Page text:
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Health
05/13/2010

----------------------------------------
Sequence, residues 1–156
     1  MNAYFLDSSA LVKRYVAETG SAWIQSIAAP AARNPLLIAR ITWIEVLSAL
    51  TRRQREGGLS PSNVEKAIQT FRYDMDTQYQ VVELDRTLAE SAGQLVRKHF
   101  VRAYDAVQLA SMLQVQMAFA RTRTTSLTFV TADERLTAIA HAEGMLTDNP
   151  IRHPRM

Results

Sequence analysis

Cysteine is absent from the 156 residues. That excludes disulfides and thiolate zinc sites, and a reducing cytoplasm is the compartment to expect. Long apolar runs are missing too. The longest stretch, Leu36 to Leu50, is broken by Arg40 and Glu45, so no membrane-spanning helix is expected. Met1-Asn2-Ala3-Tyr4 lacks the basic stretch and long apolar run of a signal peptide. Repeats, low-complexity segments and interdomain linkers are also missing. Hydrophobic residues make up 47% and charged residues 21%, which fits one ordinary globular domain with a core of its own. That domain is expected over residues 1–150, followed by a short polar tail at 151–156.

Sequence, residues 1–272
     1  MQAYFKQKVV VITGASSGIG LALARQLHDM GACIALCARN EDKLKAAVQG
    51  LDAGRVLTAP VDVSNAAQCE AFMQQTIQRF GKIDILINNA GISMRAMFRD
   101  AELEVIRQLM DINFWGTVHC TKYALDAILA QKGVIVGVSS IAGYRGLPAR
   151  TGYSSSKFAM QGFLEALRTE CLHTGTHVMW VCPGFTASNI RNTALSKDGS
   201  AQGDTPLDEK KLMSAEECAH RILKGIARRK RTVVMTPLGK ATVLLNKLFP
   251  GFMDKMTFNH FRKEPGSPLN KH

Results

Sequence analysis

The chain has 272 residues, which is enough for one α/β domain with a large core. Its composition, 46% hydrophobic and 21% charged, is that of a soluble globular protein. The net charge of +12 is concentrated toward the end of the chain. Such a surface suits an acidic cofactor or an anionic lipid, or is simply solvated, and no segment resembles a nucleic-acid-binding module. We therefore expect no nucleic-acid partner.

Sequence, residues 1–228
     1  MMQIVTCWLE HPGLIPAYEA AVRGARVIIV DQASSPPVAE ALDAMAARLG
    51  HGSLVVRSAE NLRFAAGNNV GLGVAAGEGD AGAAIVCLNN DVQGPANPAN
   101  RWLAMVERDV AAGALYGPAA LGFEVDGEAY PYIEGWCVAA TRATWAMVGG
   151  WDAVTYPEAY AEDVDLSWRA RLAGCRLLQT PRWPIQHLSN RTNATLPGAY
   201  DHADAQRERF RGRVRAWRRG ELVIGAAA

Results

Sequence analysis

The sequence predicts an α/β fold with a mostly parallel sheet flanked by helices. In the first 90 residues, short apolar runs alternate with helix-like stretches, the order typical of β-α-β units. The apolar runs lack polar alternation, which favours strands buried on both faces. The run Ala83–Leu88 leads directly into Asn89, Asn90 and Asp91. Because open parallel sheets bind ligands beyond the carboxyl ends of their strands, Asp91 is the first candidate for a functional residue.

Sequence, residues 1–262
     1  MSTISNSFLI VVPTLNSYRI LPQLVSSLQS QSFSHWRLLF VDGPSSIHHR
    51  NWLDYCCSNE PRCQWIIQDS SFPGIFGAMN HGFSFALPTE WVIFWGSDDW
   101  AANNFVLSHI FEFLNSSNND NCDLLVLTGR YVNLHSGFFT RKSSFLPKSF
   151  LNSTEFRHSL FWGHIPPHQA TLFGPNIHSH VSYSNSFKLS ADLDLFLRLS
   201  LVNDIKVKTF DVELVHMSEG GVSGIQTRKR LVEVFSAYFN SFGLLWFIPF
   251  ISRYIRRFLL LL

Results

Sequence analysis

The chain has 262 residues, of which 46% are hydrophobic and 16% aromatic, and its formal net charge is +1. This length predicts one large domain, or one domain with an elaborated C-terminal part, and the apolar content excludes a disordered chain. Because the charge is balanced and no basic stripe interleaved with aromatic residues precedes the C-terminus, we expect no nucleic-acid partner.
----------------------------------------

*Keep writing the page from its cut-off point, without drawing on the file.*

IconI received a ton of mail about the call I described in yesterday's blog.' The following letter from a listener is representative of the wide range of reactions people had to that call: Dr. Laura:While listening to your program with my incredibly sexy husband yesterday, I couldn't help but feel some sadness and frustration toward the caller who resented her loved one with dementia. My grandparents, who will celebrate their 60th wedding anniversary in just over a month, are currently battling dementia, and watching the progression of the disease can be heart-wrenching.' I spent so much time with my "Pop" and "Mi-mommy," learning important principles like "Can't never could do anything," and "pretty is as pretty does."' They were known by others for their compassion, kindness, and wonderful wit. They both began experiencing symptoms of dementia about three years ago, with simple forgetfulness turning into frequent short-term memory loss and the loss of the ability to perform simple tasks.' Dementia is a progressive illness, and although they battle it with all their might by taking medications to help slow the disease, we can see the constant decline.' Resentment has not been a feeling anyone has expressed. When my grandfather tells the same story 5 or 6 times in a 30-minute period, we listen like it is the first time we've ever heard it told.' When my grandmother weaves together in her mind multiple stories and comes up with a muddled collage of a past experience, we engage her and help her to recall the old memories.' When they are struggling to remember how to pour water in a glass or operate the TV, we patiently help them recall.' We don't do it out of obligation or even to keep from feeling guilty.' We do it because, years ago,' THEY taught us to show kindness and love and compassion. I work in hospice, and on a professional level, I know all too well the course this mean, aggressive disease takes.' I cherish every moment that they can tell me a story, and I will treasure every time I hug them and they know who I am.' I know that one day, I will sit down and hold their hands and they won't be able to tell a story, and they won't know who I am.' They won't be able to hold their heads up or smile, but I will still be there with them, because that's the person they have helped me to become.' If I sat with them and listened to them and held their hands every day for the rest of my life, there is no way I could repay them for what they have given me. In October, I'll be walking in the Alzheimer's' Association' Memory Walk ( http://www.alz.org/memorywalk/ ) in honor of my grandparents.' I will do everything I can to fight this brutal disease and I beg those in our society to think about the compassion we owe our fellow man.' A wise physician I once worked with said "The measure of a society can be seen in how we treat our young, our old, and our dying."' I pray that our society does not let me down, and that we treat our elders with the love, respect and dignity they deserve. Striving to be half as wonderful as my grandparents, Alison More >>